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Viewing banking opportunities through different lenses

By Jay Datesh, Miklos Dietz, and Attila Kincses

Surging numbers of middle-class borrowers in emerging markets are a big factor in banking’s growth, but there’s also plenty of potential in the upper reaches.

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Despite the potential in emerging markets, they are by no means the only lucrative growth opportunity. As our analysis of global banking’s revenue pools shows, zooming in on finer-grained segments and product areas can reveal lucrative pockets in developed markets as well (exhibit). To be sure, between now and 2020, about 70 percent of the growth in the mass-market customer segment should come from emerging markets, including currently unbanked populations. But more than 60 percent of the growth in the affluent and high-net-worth segments (households with more than $100,000 in financial assets) will remain in developed markets.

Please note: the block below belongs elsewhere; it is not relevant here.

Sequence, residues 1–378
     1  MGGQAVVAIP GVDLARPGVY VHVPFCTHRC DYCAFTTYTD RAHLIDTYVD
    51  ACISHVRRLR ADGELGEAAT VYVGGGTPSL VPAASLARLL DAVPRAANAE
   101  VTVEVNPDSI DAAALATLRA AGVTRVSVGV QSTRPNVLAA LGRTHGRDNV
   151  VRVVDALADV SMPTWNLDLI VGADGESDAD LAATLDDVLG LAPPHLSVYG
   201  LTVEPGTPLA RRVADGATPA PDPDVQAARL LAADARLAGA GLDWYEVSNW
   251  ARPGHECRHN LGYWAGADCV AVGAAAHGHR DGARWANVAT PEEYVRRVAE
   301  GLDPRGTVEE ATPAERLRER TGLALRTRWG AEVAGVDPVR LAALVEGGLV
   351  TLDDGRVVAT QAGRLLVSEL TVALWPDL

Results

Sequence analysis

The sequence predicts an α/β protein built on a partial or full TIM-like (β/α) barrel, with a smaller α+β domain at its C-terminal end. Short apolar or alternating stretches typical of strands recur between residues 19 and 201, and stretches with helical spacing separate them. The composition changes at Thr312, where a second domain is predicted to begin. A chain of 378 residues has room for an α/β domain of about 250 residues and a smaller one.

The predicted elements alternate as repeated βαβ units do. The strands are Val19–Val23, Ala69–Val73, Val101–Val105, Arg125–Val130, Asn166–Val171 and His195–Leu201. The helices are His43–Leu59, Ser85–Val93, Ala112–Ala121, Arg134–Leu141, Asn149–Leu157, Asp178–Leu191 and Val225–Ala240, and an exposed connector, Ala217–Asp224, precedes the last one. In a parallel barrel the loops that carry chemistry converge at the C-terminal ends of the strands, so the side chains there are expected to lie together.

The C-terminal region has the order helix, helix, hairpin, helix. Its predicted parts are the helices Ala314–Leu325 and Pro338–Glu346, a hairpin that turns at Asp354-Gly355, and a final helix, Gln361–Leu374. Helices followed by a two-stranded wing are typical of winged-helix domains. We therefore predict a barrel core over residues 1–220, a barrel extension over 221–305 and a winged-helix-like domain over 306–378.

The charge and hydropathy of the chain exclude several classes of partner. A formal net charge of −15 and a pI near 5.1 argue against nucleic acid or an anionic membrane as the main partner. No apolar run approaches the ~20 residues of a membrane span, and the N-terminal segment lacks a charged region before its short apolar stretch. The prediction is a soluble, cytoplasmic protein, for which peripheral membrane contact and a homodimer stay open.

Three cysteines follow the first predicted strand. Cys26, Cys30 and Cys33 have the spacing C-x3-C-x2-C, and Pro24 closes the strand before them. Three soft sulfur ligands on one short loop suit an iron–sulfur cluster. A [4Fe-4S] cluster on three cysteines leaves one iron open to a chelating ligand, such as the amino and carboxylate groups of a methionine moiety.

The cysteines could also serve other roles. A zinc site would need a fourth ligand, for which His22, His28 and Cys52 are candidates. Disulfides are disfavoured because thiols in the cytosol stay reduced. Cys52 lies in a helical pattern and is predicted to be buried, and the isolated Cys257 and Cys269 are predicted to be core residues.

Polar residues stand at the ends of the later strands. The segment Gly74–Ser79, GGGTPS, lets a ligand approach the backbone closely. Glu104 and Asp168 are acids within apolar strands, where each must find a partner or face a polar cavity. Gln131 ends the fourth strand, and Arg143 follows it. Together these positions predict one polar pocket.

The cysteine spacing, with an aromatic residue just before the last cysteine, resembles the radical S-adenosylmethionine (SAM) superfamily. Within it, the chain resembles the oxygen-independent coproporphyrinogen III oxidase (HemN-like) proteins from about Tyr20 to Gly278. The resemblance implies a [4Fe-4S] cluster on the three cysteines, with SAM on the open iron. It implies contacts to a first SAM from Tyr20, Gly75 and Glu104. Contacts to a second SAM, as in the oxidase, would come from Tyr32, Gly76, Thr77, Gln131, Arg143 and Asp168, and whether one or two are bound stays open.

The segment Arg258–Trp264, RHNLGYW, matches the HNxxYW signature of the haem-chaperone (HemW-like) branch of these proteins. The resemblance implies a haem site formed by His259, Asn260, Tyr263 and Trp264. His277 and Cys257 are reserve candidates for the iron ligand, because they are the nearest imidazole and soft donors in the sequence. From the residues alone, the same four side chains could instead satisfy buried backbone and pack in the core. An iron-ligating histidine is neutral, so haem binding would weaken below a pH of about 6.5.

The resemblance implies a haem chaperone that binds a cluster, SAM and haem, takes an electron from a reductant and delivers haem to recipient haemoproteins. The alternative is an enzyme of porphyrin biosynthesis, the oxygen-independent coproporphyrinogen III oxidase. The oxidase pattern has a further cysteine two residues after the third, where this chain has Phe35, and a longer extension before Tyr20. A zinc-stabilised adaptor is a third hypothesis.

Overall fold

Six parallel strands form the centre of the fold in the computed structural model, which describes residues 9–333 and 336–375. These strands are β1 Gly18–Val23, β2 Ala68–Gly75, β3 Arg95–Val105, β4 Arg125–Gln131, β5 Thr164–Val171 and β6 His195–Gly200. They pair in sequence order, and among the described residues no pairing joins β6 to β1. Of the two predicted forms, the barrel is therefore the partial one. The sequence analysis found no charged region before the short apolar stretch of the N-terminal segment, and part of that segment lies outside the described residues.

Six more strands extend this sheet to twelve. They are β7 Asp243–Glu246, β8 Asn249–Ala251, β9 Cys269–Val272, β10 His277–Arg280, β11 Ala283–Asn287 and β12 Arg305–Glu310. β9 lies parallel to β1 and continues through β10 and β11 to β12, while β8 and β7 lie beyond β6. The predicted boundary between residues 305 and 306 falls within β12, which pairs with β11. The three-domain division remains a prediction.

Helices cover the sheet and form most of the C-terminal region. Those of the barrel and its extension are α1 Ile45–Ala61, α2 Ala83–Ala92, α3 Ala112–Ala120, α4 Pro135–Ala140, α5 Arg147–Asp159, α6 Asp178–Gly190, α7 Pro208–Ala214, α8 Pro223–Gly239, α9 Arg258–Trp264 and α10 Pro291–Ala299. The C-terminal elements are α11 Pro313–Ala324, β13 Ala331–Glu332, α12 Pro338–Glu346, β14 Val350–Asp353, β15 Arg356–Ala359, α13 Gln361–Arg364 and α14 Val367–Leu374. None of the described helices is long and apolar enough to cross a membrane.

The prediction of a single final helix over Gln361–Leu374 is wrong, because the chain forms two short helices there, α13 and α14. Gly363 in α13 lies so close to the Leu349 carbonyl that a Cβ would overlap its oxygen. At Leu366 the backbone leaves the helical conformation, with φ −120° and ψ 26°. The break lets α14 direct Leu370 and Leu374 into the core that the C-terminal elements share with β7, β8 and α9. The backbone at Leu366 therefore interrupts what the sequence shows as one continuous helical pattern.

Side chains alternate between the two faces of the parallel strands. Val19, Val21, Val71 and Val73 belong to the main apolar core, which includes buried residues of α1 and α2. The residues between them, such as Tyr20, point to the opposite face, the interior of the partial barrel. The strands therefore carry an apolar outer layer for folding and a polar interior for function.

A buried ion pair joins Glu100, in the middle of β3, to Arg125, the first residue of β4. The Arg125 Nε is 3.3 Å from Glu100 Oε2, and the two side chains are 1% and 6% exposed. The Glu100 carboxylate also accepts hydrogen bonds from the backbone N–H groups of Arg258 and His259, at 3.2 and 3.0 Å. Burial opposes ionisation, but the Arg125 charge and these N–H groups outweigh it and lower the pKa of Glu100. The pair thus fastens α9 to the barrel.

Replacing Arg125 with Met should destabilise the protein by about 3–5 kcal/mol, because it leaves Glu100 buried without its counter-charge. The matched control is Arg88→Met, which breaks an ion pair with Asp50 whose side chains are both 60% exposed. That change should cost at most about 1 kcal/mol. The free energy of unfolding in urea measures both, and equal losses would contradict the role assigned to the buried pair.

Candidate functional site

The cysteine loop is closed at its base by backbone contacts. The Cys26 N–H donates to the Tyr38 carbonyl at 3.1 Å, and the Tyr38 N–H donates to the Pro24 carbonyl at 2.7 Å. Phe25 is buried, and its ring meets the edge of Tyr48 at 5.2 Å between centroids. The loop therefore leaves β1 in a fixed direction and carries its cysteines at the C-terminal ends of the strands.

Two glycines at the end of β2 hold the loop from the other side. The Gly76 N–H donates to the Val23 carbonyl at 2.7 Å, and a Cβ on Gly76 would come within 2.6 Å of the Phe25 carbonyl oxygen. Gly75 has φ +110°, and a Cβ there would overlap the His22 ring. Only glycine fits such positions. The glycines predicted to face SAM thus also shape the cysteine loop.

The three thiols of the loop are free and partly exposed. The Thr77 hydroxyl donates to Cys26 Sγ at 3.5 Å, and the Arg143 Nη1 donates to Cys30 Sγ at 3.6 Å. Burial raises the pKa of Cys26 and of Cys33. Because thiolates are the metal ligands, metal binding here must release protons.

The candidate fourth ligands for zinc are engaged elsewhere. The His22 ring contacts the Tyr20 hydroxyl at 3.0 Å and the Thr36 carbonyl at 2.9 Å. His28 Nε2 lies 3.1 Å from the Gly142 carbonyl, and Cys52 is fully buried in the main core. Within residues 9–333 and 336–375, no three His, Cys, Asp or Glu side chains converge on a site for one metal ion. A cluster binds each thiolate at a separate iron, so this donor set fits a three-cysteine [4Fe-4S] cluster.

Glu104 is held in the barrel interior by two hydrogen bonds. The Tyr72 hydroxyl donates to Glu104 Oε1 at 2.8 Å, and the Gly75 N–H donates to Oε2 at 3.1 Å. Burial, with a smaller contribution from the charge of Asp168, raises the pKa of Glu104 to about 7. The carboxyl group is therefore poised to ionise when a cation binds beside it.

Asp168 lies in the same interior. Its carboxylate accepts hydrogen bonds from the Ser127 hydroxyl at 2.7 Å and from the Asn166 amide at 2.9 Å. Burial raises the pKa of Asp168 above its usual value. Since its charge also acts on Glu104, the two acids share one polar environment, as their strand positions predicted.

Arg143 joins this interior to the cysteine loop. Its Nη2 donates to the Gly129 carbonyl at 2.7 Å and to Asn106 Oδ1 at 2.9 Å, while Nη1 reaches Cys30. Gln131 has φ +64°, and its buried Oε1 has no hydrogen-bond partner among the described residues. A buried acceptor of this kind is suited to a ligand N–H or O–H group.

And the picture gets richer with a closer look. In the United States, for example, 85 percent of the revenue generated by the upper segment comes principally from wealth management and investments, and only 15 percent from lending. By contrast, in the mass segment, lending accounts for 60 percent of revenues, with the remainder flowing largely from transactions and from credit- and debit-card payments.

In all markets, a sharper geographical lens will be needed. Consider that in China, which unlike many emerging markets has swelling opportunities at the top of the market, 50 percent of growth in the high-net-worth and affluent segments is expected to come from the top 25 cities by GDP. Collectively, they represent 10 percent of the two segments’ global growth potential. In the United States, one-third of all growth in those segments is expected to come from just three large states: California, New York, and Texas. The amount attributable to the growth in those states will be larger than all of India’s retail banking revenue in 2013.

About the author(s)

Jay Datesh and Attila Kincses are solution leaders for McKinsey Panorama and consultants in McKinsey’s Budapest office, where Miklos Dietz is a director.

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